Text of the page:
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From Court to School to a Writing Career I Love

By Nancy Stein
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My Bench Trial Win at 19

At age 19, after winning in court on a traffic ticket, I dreamed of becoming a lawyer. I was speeding, but I didn’t go through the stop sign. Luckily, I saw the police car behind me while applying my lip gloss. I simply hadn’t heard his siren with my music blaring. I decided to fight the ticket.

My case was the second one. It came right after a person accused of going through a stop sign and speeding lost against the very same officer. I was nervous but well-reasoned and presented a compelling argument that convinced the judge to find in my favor. If I was speeding and the officer had to slam on his brakes, how come I didn’t hear his tires screech?” “If I was speeding,  why didn’t he give me a speeding ticket? He said I was 15 miles over the speed limit.” The officer also accused me of being rude. To that, I replied, “If I was a police officer and some kid went through a stop sign, was speeding, AND spoke rudely to me, I would have gotten that driver for everything I could.” That did the trick. The judge banged his gavel and announced his decision. I didn’t quite get what he said so he smiled and said, “You won, honey.” Those were very different days. You certainly wouldn’t hear that now, even in traffic court.

My Early Career

I met my husband during my first year of law school, married that spring then graduated two years later. During law school, I worked part-time at Matthew Bender in the Bankruptcy book division editing legal treatises. I had some serious health issues while in law school and spent six weeks in bed and a year recovering. I graduated on time, but I was no longer at the top of my class. Although I value the education I got in law school, I wanted a different life than Biglaw practice. I knew endless hours of work at a mid-sized law firm likely wouldn’t be worth it for me or doable either.

Before graduating, I interviewed for a post-law school bankruptcy clerkship with the bankruptcy judge in Poughkeepsie, but the trip was too far. My husband had landed a top-level, dream job on Long Island and the bankruptcy court judge wanted me to live near the court. Winters are tough and a 2 ½ hour commute each way would be too challenging even if just for a year or two. I was disappointed, but what could I do?

When the opportunity to work in-house at a real estate brokerage firm arose, I jumped at the chance. I worked both as a commercial real estate broker and as in-house counsel. The company was small and it wasn’t doing well. I applied for an editor’s job at The New York Law Publishing Company then owned by Jimmy Finkelstein. That company was later acquired over and over again. It eventually became ALM and I worked there for 22 ½  years. I stayed that long because the people were great. I went from editor to senior editor to acquisitions attorney to managing editor and then to managing editor and marketing liaison. The work was manageable with health issues and three kids.

Benefits vs. Dollars

Although it paid far less than a law firm, working in legal publishing gave me a lot of freedom and a great work/life balance. I especially knew the decision was right when, years later, when my daughter was in her twenties, she said, “You know, Mom, you gave up a lot working for ALM instead of at a law firm and I want you to know how much I appreciated that. You were also there for me. Thank you.” The legal publishing industry gets it. The people in the industry see the value JDs bring to the table.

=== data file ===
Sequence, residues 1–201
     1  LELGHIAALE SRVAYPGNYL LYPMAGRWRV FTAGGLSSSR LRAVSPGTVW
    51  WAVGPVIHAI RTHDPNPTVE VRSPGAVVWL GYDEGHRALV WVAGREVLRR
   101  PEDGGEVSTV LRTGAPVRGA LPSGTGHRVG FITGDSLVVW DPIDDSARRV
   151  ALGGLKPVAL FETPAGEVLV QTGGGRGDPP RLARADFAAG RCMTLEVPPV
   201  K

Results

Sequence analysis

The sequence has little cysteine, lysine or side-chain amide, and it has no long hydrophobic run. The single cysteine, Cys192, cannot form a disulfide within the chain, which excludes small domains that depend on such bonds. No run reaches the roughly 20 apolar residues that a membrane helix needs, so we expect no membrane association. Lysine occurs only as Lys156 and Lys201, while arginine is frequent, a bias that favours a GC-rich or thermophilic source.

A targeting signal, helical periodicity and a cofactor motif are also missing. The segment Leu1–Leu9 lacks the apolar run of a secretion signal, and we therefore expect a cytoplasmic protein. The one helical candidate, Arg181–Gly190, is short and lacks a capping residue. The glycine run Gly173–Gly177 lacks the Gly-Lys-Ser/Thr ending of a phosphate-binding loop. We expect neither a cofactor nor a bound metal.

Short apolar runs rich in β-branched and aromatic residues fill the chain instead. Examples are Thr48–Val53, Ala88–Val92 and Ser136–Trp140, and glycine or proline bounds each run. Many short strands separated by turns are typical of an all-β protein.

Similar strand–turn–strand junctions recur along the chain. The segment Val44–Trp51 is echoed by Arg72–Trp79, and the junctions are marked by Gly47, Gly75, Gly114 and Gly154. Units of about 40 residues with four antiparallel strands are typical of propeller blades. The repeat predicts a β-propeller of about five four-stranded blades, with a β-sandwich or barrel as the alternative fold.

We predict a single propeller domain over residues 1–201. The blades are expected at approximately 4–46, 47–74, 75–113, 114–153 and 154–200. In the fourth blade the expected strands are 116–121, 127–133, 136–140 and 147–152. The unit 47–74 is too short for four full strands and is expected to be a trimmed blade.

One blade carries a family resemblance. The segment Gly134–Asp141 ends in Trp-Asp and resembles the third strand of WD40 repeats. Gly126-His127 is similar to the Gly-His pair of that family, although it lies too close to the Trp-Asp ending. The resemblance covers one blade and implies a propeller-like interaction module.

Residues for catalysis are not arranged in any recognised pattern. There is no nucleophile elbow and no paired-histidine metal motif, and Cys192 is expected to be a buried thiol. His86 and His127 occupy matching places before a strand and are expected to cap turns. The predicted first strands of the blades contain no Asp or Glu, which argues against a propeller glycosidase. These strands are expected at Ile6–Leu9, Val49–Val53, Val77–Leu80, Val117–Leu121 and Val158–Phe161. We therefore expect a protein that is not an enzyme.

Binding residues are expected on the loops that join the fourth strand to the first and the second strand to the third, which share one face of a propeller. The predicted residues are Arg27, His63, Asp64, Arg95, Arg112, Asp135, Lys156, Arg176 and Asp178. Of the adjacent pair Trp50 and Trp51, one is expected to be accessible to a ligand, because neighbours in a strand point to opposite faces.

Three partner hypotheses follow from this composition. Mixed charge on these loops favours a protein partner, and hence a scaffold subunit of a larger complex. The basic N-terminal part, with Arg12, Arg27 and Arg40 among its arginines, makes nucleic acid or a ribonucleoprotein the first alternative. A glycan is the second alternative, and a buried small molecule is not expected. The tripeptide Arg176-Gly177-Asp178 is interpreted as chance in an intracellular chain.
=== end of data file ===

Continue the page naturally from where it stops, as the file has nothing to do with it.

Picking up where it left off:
When ALM decided to leave midtown and move downtown, I knew I was not going to be happy losing my office, working in an open floor plan, and adding an extra half hour to my commute.

I looked into other options and went to Biglaw in the role of global rankings manager. It was a brutal change going from a mom-and-pop place where everybody had worked for years and we had a true sense of camaraderie to a competitive cutthroat environment. I was not happy, but the person who recommended me for that job said don’t worry I know a job that you’ll be happy with. So, a couple of weeks later when Lawdragon’s founder Katrina Dewey came to New York she met me and hired me on the spot. It was a great job. I made amazing contacts but that was 2007-2008 and the financial crisis made times pretty scary.

Landing in the Right Spot

I decided to make a change. Leveraging my legal knowledge, marketing experience, and journalism skills, I went out on my own. My first big break was writing for Jaffe PR. I got lots of experience and started to get great projects on my own. I built a reputation and a business writing for many of the Am Law 100 law firms (check out my website, which I finally created during COVID). Leading law firms and other businesses retain me to write website content including bios, practice descriptions, industry descriptions, and many other types of pages. I write articles, newsletter content, blog posts, annual reports, rankings, recognitions and award submissions, and all types of collateral marketing materials, and I have spearheaded and managed complete website overhauls. I love what I do and have an excellent work/life balance.

Helping Others Leave Law

In the summer of 2022, I met with ex judicata founder Neil Handwerker and later his business partner Kim Fine. Neil asked me to join him in their venture and I’ve done just that. I’ve written articles, interviewed people who have successfully transitioned from law to other careers, and I continue working on content focused on helping lawyers change careers so they too can live their best lives. 

Nancy Stein

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